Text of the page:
In March of 1940, journalism took on a new form: television broadcasts. NBC’s Lowell Thomas hosted the first-ever, regularly scheduled news broadcast on American television. Seven years later, at age 54, Dorothy Fuldheim became the first woman in the United States to anchor a television news broadcast, ultimately gaining the title of “First Lady of Television News.”

As the role of television technology in the 1950s became increasingly prominent, so did news broadcasts. NBC ultimately became known as television’s “champion of news coverage.” It became evident that television news was here to stay.

Digging for the Truth: The Era of Investigative Journalism

It is often said that the press is the “fourth branch” of government. The press takes on the responsibility to provide information to help form public opinion. When potential bad acts by corporations or individuals occur, the press ensures that it is truthfully revealed to the public. Despite dating back to the 18th century, investigative journalism, also known as watchdog journalism, gained immense prominence during the mid-1900s.

The concept that the press should act as a check on power gained traction and led to the challenging of traditional authorities, including religious and political institutions. These journalists, known as muckrakers, sought to uncover corruption and abuses of power largely due to the Freedom of Information Act. 

Passed in 1967, the Freedom of Information Act allowed the public to request access to the records of the executive branch of the U.S. Government. To modern-day journalists, the ability to access documents serves as an essential tool. According to The New York Times, “Times journalists file requests every day in search of documents ranging from emails sent by top bureaucrats to records about Taser use in a particular police department. Open records laws play an important role in the work of reporters day to day.” By emphasizing the First Amendment, the act has been vital to the development of investigative journalism.

The most notable example of investigative journalism was the Watergate scandal. The Watergate affair emerged as a significant political crisis in the United States at the beginning of the 1970s. Five men connected to President Richard Nixon’s re-election campaign were arrested for a break-in at the Democratic National Committee headquarters on June 17th, 1972. Investigations revealed that the Nixon administration attempted to cover up its involvement in the break-in by destroying evidence. 

Nixon ultimately resigned on August 8th, 1974, becoming the only U.S. president in history to do so. Through the work of Washington Post journalists, Bob Woodward and Carl Bernstein, the Watergate scandal remains a landmark example of the power of investigative journalism in uncovering abuses of power and holding the government accountable.

Journalism Redefined: The Digital Era

The foundation of democracy is the ready availability of reliable information. ‘We the people’ rely on being informed. Our democratic system is based on the fundamental principle of the vote  –  an informed vote. With the World Wide Web’s opening to the public in 1991, journalism was revolutionized, allowing information to be accessed quicker than ever before.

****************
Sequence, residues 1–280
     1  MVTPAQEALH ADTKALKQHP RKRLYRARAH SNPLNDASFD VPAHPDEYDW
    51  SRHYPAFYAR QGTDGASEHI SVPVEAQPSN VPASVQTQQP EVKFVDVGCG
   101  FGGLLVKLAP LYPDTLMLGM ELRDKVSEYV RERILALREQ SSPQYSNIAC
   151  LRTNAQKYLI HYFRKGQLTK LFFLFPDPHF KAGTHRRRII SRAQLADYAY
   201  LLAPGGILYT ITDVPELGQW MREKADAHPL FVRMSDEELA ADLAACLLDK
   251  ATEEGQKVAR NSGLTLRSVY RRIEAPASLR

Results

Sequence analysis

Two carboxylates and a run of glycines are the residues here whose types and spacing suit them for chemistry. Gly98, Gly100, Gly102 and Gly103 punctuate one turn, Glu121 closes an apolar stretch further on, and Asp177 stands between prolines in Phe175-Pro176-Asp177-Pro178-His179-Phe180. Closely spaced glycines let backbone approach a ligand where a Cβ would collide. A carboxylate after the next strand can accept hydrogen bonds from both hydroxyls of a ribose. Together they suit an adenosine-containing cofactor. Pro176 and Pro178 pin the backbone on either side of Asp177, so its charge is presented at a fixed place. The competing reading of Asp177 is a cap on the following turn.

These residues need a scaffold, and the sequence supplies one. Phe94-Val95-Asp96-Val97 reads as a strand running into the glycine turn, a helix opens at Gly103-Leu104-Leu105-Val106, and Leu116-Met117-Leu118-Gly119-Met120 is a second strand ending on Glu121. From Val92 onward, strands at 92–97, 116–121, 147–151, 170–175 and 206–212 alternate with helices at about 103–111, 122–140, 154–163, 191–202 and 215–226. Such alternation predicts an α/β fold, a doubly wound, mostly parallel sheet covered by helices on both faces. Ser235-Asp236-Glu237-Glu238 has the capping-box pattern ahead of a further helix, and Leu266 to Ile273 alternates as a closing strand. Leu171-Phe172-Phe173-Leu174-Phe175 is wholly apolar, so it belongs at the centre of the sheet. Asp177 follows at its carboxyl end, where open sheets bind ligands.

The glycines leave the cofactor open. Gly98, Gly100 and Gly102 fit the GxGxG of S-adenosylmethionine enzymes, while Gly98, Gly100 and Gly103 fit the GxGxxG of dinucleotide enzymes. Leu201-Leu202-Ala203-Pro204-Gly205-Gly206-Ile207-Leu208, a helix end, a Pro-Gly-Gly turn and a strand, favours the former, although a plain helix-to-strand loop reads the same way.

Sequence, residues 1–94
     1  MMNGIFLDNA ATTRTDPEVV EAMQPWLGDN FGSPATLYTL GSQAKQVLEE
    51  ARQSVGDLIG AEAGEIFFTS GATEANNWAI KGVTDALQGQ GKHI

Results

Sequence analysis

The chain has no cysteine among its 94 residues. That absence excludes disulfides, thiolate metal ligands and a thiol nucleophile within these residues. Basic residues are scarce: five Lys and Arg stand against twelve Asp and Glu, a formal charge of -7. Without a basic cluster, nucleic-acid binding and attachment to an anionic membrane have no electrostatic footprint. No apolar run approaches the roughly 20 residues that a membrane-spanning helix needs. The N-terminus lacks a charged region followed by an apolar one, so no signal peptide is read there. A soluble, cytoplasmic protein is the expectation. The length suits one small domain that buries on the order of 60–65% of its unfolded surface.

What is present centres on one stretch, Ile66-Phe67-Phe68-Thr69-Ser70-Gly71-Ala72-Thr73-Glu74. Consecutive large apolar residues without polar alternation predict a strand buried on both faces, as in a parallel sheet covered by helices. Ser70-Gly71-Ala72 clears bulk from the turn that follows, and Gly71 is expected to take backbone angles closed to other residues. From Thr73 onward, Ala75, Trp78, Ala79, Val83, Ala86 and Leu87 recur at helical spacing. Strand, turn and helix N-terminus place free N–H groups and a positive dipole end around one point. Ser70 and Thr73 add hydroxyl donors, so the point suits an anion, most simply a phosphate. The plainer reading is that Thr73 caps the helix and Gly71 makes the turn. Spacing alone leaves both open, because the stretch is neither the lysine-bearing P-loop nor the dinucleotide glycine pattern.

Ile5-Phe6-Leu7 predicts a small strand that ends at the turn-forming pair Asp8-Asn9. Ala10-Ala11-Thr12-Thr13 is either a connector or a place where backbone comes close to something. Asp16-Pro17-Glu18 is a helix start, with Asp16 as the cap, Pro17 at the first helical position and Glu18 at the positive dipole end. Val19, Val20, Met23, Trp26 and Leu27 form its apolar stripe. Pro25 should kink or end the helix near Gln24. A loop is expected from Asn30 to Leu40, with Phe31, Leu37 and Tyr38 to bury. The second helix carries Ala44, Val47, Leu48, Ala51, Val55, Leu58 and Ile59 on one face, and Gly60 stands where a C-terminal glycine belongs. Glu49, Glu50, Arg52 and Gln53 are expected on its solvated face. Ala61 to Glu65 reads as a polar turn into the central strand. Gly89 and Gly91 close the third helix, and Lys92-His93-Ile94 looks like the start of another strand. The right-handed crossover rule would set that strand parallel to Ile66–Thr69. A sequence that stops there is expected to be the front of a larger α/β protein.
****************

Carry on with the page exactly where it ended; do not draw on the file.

Suddenly, journalism was no longer confined to geographical borders. Through the migration to digital platforms, news was globalized at the fingertips of the public. Although the world’s first 24-hour television news network (CNN) made its debut on June 1st, 1980, the introduction of the web immensely contributed to the acceleration of the news cycle. Networks could release breaking news updates as soon as new information became available. Additionally, the introduction of social media platforms in the early 2000s, such as Facebook and Instagram, promoted citizens to become active participants in journalism by sharing events and opinions.

However, this did not come without a cost. With the rapid dissemination of information and the ability for anyone to publish, journalistic standards began to fall. As fake news began to ravish the media, the power of journalism came into question. The prevalence of misinformation on social media has eroded trust in traditional journalism. 

The impact of social media on journalism is complex and multifaceted. Nevertheless, the digital age has undoubtedly offered immense benefits to the future of journalism.

From the modest beginnings of messengers in ancient times to the vast reach of digital platforms, journalism’s rich history reflects the complexities of societal evolution. In light of an uncertain and constantly changing future, the lessons from journalism’s past offer priceless insights into the role that the industry must play going forward.

“Journalism can never be silent: that is its greatest virtue and its greatest fault. It must speak, and speak immediately, while the echoes of wonder, the claims of triumph and the signs of horror are still in the air,” wrote Henry Anatole Grunwald, an Austrian-born American journalist and diplomat.

About the Contributor
Nora Torok, Staff Reporter
Nora Torok is a Copy Chief for ‘The Science Survey.' At the young age of eight, Nora developed a passion for journalism. It was not long until she shaped her life around this prospect, following in the steps of her journalistic idols, Scott Pelley and Leslie Stahl. Nora hopes to use her position to write articles that uplift and inform her readers. Nora is also a current member of Bronx Science Student Organization’s Wolverine TV, allowing her to learn the value of using a video camera to capture a story. In her free time, she likes listening to various types of music. She attends a first amendment values class at Barnard College and from there, has learned the value of expressing ideas to apprise the greater population. Nora strives for the future opportunity to not only inform the public of specific events but to also provide reasoning as to why it matters. She wishes to build a career based on giving people the tools to better understand their world.